During Friday’s COVID-19 community update, the region’s three hospital CEOs delivered a plea to residents to continue every possible effort to help blunt COVID's fifth wave as hospital beds are in increasingly short supply.
Cambridge Memorial Hospital president and chief executive officer Patrick Gaskin said dealing with the fifth wave has already been a “long haul” with two outbreaks impacting the hospital and 108 staff members off sick or isolating due to COVID.
On Jan. 4 CMH declared a COVID outbreak on its rehab unit. That was followed by an outbreak in the hospital’s surgery unit on Jan. 7.
Both outbreaks have grown since then.
The hospital reported Thursday that as of Jan. 11, nine patients and staff members exposed during the initial outbreaks have been infected with COVID.
As of Friday, the hospital is at 97 per cent capacity with one ICU bed available and five in general medicine.
Of the 30 patients at CMH with COVID, five are in ICU.
Gaskin said the numbers seem to be following what the Ontario Science Table is saying about exponential growth with Omicron that sees infections doubling every eight days.
A week ago, CMH was caring for 15 patients with COVID.
That means the current number of beds filled by COVID patients could double to 60 by next Saturday.
“Keep in mind we only have six beds today, only one of which is in the ICU,” Gaskin said.
He said he can’t stress enough how important vaccination has been at blunting the impact of the disease and allowing hospitals to manage the caseload.
"The vaccine was never advertised as a cure for COVID-19," he said. "People will get the disease, some will die of it, maybe for other conditions, but the vaccine we know is effective to protect each other, protect the community and blunt the effects of the disease.”
“People are much more protected against being hospitalized, ending up in ICUs or dying.”
For every 11 people in ICUs in Ontario today, 10 are unvaccinated, he said. For every five people in hospital with COVID, four are unvaccinated.
Among the COVID-related admissions to hospital in the region over the last year, 85 per cent of the close to 900 admissions were unvaccinated.
“Only 60 people in our region who were fully vaccinated have needed admission into one of our hospitals related to COVID-19.”
Gaskin said evidence that vaccines work is clear when they look at their staff and touted the hospital’s mandatory vaccination policy as being critical to keeping staff and the community safe.
Hospital staff who have tested positive for the virus are getting mild symptoms and they’re back to work in a timely manner, he said.
He urged everyone to get vaccinated if they aren’t already and to follow public health advice.
The next weeks ahead are going to be very bumpy for our healthcare system, Gaskin said.
At Grand River Hospital the number of COVID positive patients is at 56 with 60 per cent of all patients being admitted to hospital coming in for COVID related illness.
The surge in admissions has left only 12 beds available with some of those blocked off due to outbreak.
COVID has so far impacted 243 team members at GRH as it looks to bring more team members on board and ways to open up capacity for more patients over the next few weeks.
President and CEO Ron Gangon said hospitals in Waterloo region were already at a disadvantage heading into the fifth wave of the pandemic with less beds per capita than the provincial average and capacity already at 94 per cent.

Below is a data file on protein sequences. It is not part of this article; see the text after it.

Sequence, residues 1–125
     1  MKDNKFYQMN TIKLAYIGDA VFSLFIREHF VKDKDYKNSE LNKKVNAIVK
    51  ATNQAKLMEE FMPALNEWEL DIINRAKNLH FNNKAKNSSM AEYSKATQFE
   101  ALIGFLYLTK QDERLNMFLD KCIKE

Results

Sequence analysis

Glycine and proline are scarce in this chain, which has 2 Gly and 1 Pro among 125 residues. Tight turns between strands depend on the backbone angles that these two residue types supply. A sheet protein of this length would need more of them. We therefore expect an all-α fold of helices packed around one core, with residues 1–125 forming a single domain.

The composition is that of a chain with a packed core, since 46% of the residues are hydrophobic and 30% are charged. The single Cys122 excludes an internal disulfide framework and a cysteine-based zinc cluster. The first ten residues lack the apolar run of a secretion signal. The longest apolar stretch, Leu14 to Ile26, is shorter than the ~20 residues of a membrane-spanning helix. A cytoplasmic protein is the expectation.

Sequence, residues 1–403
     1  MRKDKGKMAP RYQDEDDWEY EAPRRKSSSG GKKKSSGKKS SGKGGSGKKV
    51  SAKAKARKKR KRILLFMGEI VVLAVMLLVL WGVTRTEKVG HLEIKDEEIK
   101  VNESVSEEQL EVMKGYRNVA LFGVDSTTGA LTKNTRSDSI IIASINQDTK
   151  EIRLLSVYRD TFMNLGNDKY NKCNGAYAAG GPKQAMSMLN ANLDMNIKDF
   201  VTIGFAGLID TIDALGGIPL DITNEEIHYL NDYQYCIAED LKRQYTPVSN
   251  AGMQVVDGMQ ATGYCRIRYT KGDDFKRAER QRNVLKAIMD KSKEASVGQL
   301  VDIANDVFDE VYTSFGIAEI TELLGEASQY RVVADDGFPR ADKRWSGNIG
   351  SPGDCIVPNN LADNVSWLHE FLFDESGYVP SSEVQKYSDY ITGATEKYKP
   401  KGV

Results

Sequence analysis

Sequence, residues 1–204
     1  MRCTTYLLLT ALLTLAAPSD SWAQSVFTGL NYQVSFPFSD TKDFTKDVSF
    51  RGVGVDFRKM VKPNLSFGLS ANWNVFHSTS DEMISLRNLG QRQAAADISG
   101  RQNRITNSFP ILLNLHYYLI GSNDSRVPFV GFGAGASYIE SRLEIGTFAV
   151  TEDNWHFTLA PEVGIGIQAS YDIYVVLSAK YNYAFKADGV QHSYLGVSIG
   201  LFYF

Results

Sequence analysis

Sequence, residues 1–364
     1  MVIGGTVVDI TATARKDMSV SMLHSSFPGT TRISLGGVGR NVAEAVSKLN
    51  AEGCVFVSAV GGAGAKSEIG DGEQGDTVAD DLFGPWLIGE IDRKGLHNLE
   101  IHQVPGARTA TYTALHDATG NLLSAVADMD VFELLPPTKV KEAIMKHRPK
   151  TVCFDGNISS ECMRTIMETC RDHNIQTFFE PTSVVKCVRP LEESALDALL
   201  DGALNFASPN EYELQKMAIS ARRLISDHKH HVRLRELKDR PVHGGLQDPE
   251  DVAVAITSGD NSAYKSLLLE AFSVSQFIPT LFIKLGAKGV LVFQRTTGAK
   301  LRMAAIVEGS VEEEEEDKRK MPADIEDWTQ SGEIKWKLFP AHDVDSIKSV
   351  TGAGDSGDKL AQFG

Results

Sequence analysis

That's despite regional hospitals adding 215 beds since the pandemic started, along with the people, equipment and other services needed to accept patients.
The additional beds represent almost a 30 per cent increase, but even with the new capacity, Gagnon said regional hospitals are expecting to need to lean on healthcare partners in other regions.
“Demand for care has long outpaced capacity prior to the pandemic, but now, even with increased capacity and hiring of hundreds of staff, this stage of the pandemic is challenging us,” said St. Mary’s president and CEO Lee Fairclough.
St. Mary’s has seen a jump from 23 to 40 infectious COVID patients since last Friday with no more beds available as capacity has reached 104 per cent.
“Our hospitals have experienced the most additional pressure we’ve seen since the start of the pandemic,” she said.
Gagnon cautioned about drawing distinctions between people who come to hospitals seeking help to manage their COVID related symptoms and those who test positive while in hospital for other reasons.
He said even if someone comes into the hospital with heart problems and is later diagnosed with COVID, their care becomes more complicated, they deteriorate faster and they stay longer.
“At the end of the day, what that means is our occupancy is just as tight. Our ability to deliver care is becoming more and more strained every day."
Gaskin said between 80 and 90 per cent of patients in CMH’s medicine unit are there because of exacerbation of their COVID symptoms.
The region’s chief medical officer of health echoed the concern of the CEOs, saying it’s unfortunate that it’s assumed incidental COVID doesn’t mean much.
“We’ve had a major, dramatic surge of hospitalizations. If someone has a predisposing condition and they get COVID, that likely makes their condition is worse.
“These patients impact the hospital capacity, they impact the hospital workers. This is not a sudden influx of issues outside of COVID that is happening to hospitals.”
With this wave of COVID, there are going to be a significant number of people ending up in hospital requiring serious care, she said.